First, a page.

Even though the last two years have seen an unprecedented interest in estate planning, according to Gallup, less than 46% of United States residents even have a will, let alone a full estate plan. And, this is an issue that follows us into our golden years as just under one-quarter of those aged 65 and older had a will. But, without even a basic will, when we pass, we are leaving all of those important post-death decisions to some random judge.
Not just about death
Remember, an estate plan is not just about those post-death decisions, it’s about us right now too. Living wills contain our medical treatment preferences, which is especially useful if one becomes incapacitated. That same Gallup survey found that more than 25% of adults were forced to make medical decisions for a loved one, like whether to remove them from life support. No one wants to leave such a burden on our loved ones.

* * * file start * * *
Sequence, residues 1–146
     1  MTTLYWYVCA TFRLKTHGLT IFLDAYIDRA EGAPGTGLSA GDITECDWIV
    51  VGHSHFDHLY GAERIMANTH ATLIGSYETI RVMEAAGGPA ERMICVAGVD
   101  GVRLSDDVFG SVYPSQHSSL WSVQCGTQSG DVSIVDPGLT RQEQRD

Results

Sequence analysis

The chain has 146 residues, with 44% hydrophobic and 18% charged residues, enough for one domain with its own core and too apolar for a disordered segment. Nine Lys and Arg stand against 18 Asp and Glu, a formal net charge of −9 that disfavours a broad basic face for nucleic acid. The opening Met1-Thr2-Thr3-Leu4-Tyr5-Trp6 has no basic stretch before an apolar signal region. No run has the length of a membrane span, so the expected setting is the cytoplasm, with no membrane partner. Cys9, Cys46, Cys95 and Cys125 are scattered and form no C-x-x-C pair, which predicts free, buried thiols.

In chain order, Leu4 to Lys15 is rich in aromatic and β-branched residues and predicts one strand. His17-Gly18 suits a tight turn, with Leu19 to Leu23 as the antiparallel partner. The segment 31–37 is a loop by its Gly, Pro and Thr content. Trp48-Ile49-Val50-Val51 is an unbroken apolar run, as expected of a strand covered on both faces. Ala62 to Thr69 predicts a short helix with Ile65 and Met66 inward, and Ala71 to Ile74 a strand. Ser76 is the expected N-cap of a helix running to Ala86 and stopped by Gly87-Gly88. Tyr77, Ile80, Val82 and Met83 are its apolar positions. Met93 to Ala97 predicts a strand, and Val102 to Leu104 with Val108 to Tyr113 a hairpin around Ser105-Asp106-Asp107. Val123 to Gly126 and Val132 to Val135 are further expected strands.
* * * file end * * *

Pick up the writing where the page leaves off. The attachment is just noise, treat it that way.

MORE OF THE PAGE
A love letter
Think about it this way, everything that is in an estate plan is there because the drafter loves their family. In a way, it is a love letter to our families. It takes away the burden of figuring out who gets what, one’s medical wishes, burial and funeral arraignments, etc. It creates a pathway that can avoid litigation and additional heartache. After all, we do not want to pile on, in addition to our deaths. Especially for those with large estates, dying without a will or a comprehensive estate plan can permanently fracture a family as fights over the estate grow more and more contentious.
On the other end of the spectrum, a comprehensive estate plan is also about creating a legacy. It can help shape organizations, causes and build communities. It can provide for our family. It is an outline of how we will be remembered.
The first step is always the hardest. Decide to estate plan, and then make the call, send the email or do the web search. Start now because we do not know when our time will be up.